NABARD All India Rural Financial Inclusion Survey 2016-17 – Highlights

  • More than half the agricultural households in the country have outstanding debt, and their average outstanding debt is almost as high as the average annual income of all agricultural households.
  • NABARD found that 52.5% of the agricultural households had an outstanding loan on the date of the survey, and thus were considered indebted. For non-agricultural households in rural India, that figure was 10 percentage points lower, at only 42.8%.

Higher liability

  • Agricultural households reporting any outstanding debt also had a higher debt liability compared with non-agricultural ones.
  • According to the survey, the average annual income of an agricultural household is Rs. 1.07 lakh. That is barely Rs. 2,500 more than the average outstanding debt of indebted farm households.
  • The biggest reason for taking loans among agricultural households was capital expenditure for agricultural purposes, with a quarter of all loans taken for this purpose.
  • While all classes of farmers had debt, the highest incidence of indebtedness came from those owning more than two hectares of land. In that category, 60% of households are in debt.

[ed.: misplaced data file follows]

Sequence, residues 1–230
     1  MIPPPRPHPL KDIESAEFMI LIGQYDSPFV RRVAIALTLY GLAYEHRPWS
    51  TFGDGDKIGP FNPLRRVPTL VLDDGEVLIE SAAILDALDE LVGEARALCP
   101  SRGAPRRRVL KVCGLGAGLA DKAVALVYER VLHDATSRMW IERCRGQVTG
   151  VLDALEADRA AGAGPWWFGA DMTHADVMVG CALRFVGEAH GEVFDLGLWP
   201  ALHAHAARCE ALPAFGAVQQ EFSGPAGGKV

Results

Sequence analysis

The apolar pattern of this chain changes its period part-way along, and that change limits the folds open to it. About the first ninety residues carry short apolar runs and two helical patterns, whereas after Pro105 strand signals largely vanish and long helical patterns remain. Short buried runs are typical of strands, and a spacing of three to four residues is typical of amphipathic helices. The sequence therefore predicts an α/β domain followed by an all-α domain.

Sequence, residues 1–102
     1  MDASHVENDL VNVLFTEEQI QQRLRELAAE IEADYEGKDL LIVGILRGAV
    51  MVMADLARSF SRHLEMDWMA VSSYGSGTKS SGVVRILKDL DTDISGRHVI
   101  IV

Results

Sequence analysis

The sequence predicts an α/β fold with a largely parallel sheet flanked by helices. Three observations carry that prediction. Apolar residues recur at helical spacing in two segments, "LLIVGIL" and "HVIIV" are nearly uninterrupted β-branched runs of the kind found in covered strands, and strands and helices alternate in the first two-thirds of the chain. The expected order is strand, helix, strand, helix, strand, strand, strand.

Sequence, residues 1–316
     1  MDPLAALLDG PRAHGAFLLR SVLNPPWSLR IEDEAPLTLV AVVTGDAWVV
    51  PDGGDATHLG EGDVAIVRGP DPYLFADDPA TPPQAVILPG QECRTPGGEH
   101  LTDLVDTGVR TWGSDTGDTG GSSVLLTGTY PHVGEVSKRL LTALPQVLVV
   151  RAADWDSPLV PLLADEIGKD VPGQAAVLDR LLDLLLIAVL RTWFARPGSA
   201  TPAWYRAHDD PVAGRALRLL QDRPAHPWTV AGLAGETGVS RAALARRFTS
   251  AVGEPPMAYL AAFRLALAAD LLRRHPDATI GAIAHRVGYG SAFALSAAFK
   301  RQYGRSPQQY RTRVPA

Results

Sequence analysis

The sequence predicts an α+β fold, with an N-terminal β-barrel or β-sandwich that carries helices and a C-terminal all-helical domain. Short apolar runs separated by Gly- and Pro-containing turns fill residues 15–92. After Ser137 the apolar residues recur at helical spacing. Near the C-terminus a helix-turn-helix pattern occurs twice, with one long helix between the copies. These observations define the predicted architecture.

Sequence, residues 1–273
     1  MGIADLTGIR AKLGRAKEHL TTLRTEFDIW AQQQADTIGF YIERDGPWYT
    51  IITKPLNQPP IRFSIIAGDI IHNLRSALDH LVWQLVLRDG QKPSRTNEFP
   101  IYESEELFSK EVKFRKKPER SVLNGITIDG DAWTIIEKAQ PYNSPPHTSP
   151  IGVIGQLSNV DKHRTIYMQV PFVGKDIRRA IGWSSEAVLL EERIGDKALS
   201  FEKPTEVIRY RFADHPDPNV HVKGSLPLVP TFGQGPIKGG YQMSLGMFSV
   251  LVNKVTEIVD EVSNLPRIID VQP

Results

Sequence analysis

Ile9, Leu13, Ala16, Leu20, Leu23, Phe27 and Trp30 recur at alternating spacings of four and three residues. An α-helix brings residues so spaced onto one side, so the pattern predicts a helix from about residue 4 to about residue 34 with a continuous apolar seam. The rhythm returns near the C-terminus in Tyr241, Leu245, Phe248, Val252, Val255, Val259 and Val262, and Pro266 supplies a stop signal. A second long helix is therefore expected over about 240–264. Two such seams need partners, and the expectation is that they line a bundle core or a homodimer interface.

• Among small and marginal farmers owning less than 0.4 hectares, slightly less than 50% of the households were in debt. Those with more land were more likely to have multiple loans.

State figures

  • The southern States of Telangana (79%), Andhra Pradesh (77%), and Karnataka (74%) showed the highest levels of indebtedness among agricultural households, followed by Arunachal Pradesh (69%), Manipur (61%), Tamil Nadu (60%), Kerala (56%), and Odisha (54%).
  • Looking at loans taken between July 2015 and June 2016, the survey found that farm households took less than half their loans from commercial banks. While 46% of the loans were taken from commercial banks, and another 10% from self-help groups, almost 40% were taken from non-institutional sources such as relatives, friends, moneylenders and landlords.

Source: The Hindu.